While British and American officials are coming into conflict with the military, Thailand’s relationship with the EU has been hit.
With Thailand’s slow road back to democracy looking like it has no end in sight, the military junta led by former General Prayuth Chan-ocha is looking for ways to divert international attention from the country’s authoritarian turn.
Already under fire from human rights and civil society groups for detaining anti-corruption activists, torturing civilians in military detention, and driving its own top human trafficking investigator into exile in Australia, the “transitional” government has recently seen a spate of international incidents involving several of its most important partners, including both the United States and the European Union (EU).
Since overthrowing Yingluck Shinawatra’s democratically elected government in May 2014, the Thai junta has seen only mild repercussions from Washington. After the coup, the Obama administration temporarily suspended military aid but ultimately decided to take part in the “Cobra Gold” joint military exercises for fear of driving its longtime ally toward China. The US State Department also added Thailand to its “blacklist” of human trafficking violators in 2014 and declined to improve its standing in the 2015 report, but that has entailed little in the way of concrete repercussions. While the US may trying to minimize the impact of the coup on bilateral relations, officials in Thailand seem to be taking the opposite approach.
On December 9, 2015, Thai police announced they were investigating US Ambassador Glyn Davies for a speech he made at a Foreign Correspondents’ Club event in November. Speaking to international journalists present at the event, Davies expressed concern over prison sentences being handed down to civilians tried on lèse majesté charges by military courts. According to the investigation and the complaint that prompted it, to even bring up concerns over freedom of speech may itself be lèse majesté in Thailand’s tense political climate.
The US ambassador is protected from any official charges by diplomatic immunity, but that has not stopped a harsh reaction from groups who support the military government. Hard-line royalists in Thailand even staged a technically banned protest outside the US Embassy.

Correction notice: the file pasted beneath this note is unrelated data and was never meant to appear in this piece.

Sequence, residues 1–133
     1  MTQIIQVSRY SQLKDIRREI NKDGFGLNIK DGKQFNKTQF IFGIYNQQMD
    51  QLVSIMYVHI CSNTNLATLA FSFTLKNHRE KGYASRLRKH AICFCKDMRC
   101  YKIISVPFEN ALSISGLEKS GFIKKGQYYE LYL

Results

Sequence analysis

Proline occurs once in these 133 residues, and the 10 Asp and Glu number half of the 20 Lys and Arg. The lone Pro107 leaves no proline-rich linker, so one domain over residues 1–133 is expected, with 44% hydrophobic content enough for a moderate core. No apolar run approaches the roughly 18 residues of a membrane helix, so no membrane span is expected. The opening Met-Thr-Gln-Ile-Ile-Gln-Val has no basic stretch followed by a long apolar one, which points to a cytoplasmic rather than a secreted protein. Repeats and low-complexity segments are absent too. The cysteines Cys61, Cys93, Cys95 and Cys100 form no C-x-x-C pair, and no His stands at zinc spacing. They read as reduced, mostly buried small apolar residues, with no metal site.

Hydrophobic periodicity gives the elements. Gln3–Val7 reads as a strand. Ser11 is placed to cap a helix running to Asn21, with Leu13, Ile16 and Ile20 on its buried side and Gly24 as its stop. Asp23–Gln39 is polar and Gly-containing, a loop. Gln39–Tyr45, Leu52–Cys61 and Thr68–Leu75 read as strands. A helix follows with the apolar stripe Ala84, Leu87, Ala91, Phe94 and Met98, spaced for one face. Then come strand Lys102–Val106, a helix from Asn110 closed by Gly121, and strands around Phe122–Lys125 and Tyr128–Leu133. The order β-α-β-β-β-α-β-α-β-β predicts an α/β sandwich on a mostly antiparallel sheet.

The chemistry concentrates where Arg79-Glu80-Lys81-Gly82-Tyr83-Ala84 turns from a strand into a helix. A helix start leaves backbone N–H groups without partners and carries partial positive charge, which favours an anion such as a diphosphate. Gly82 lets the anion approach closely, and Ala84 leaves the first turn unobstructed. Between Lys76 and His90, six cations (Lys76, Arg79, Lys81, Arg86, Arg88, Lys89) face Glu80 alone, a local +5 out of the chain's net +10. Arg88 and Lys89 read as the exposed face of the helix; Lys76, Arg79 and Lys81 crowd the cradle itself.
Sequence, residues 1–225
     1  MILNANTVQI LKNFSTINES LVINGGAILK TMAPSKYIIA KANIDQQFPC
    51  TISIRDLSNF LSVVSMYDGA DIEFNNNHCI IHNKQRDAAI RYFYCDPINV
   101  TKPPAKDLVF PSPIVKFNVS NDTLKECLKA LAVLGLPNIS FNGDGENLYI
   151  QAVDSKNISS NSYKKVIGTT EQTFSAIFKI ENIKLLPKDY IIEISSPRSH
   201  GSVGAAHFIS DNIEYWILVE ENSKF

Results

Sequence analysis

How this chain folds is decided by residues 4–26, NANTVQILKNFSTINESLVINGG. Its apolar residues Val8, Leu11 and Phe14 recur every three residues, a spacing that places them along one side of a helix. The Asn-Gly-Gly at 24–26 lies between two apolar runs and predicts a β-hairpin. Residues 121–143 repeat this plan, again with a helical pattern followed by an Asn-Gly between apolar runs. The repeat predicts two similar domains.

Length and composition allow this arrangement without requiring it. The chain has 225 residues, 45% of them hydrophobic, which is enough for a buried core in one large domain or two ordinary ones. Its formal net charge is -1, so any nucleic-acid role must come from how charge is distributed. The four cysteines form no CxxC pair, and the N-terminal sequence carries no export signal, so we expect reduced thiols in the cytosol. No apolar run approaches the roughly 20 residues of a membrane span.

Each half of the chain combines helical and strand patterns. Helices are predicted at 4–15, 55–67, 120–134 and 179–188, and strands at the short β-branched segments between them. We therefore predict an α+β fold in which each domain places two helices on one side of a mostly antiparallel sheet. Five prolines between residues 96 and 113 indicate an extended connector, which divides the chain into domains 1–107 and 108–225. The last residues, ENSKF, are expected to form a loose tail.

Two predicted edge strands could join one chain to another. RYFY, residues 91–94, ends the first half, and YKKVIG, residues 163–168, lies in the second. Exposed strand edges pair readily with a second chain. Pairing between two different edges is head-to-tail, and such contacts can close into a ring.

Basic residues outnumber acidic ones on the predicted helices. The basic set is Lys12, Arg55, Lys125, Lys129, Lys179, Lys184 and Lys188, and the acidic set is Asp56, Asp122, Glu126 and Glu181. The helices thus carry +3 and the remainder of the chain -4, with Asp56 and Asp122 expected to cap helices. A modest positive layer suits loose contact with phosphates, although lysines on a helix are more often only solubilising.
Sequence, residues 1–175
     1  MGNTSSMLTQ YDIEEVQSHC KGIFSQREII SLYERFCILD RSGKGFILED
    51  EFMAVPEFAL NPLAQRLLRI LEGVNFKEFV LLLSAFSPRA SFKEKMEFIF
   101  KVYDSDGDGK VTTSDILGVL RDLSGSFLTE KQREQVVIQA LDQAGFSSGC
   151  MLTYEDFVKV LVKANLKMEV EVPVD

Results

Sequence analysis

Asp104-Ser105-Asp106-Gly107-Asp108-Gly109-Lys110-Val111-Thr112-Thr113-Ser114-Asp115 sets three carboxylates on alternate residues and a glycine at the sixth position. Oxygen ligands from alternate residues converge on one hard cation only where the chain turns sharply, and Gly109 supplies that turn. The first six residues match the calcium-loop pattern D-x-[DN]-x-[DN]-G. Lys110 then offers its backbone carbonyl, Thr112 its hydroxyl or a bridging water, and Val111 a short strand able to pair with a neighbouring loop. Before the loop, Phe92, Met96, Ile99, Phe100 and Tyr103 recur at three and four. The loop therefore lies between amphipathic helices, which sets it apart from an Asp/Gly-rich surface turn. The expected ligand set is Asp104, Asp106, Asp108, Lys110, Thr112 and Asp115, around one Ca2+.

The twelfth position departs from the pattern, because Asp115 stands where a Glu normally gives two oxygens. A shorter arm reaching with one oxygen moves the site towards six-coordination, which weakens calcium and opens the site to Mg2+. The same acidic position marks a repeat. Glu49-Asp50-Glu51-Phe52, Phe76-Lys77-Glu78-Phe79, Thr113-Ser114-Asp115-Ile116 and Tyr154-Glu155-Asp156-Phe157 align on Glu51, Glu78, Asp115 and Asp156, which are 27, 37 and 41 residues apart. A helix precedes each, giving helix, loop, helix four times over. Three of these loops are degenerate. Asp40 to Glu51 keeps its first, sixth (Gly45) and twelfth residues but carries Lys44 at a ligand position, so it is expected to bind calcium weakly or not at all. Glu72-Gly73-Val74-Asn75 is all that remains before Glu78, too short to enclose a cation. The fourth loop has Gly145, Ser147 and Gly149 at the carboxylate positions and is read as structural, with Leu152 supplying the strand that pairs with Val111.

Davies is not the only Western envoy to find himself in hot water for offering even mild criticism of the junta’s behavior. British Ambassador Mark Kent drew a rebuke from government spokesmen for pointing out that a royalist protest was allowed while student activists were prevented from pursuing corruption allegations linked to the military.
In early 2015, US Assistant Secretary of State Daniel Russel also sparked the ire of Prayuth for suggesting the 2014 coup was “politically driven.”
Relations With the EU
While British and American officials are coming into conflict with the military government and its supporters, Thailand’s relations with the EU are also being impacted by political developments. As reported by NewEurope, the junta is now embroiled in a dispute with the European Parliament over its invitation to former Prime Minister Yingluck Shinawatra to address the parliament on Thailand’s political situation.
The Thai government reacted harshly, criticizing Elmar Brok, chairman of the Committee on Foreign Affairs, and Werner Langen, panel chair for relations with Southeast Asia and ASEAN, for not communicating through the Thai Ministry of Foreign Affairs and for not inviting the government to participate as well. The junta even suggested the invitation itself might be fake.
Brok and Langen, for their part, responded by confirming the authenticity of the invitation and their openness to the government’s participation. When the Thai leadership denied Yingluck—who is still awaiting trial—permission to travel to Europe, the two chairs declared themselves “surprised and deeply disappointed.”
Beyond diplomatic controversy, tensions between the EU and Thailand’s military rulers could ultimately have serious economic consequences. The European Parliament has already declared the 2014 coup “illegal,” and members of the European Parliament like Ryszard Czarnecki have argued for tying the trade relationship to Bangkok’s respect for human rights.
Those economic ties are of critical importance for Thailand, which sees over €30 billion in bilateral trade and receives over €10 billion in foreign direct investment from Europe. The EU has already threatened Thailand with a trade ban on its vital fishing industry if it doesn’t act to curtail slave labor and illegal fishing.
As Thailand’s autocratic interim government drags on, the likelihood of further disputes with the US, Britain and the EU could do serious damage to the country’s standing with its most important international partners.
Unfortunately, the political calculus that motivated both the coup and the delays in transitioning to civilian rule are likely to persist for the foreseeable future. The struggle between traditional Thai elites (who back Prayuth) and the long-marginalized rural electorate supporting Thaksin and Yingluck Shinawatra has been at the heart of Thailand’s political troubles for the past decades.
When the upcoming royal succession takes place, this tension could become more palpable than ever. By taking power and preventing elections until they have controlled the monarchical transition, the military and its allies aim to prevent the pro-Shinawatra electoral majority from interfering with their monopoly on power and influence. While protests from the Thai public and the international community remain (mostly) muted for now, it is an open question as to how long this seemingly peaceful status quo can last.
The views expressed in this article are the author’s own and do not necessarily reflect Fair Observer’s editorial policy.
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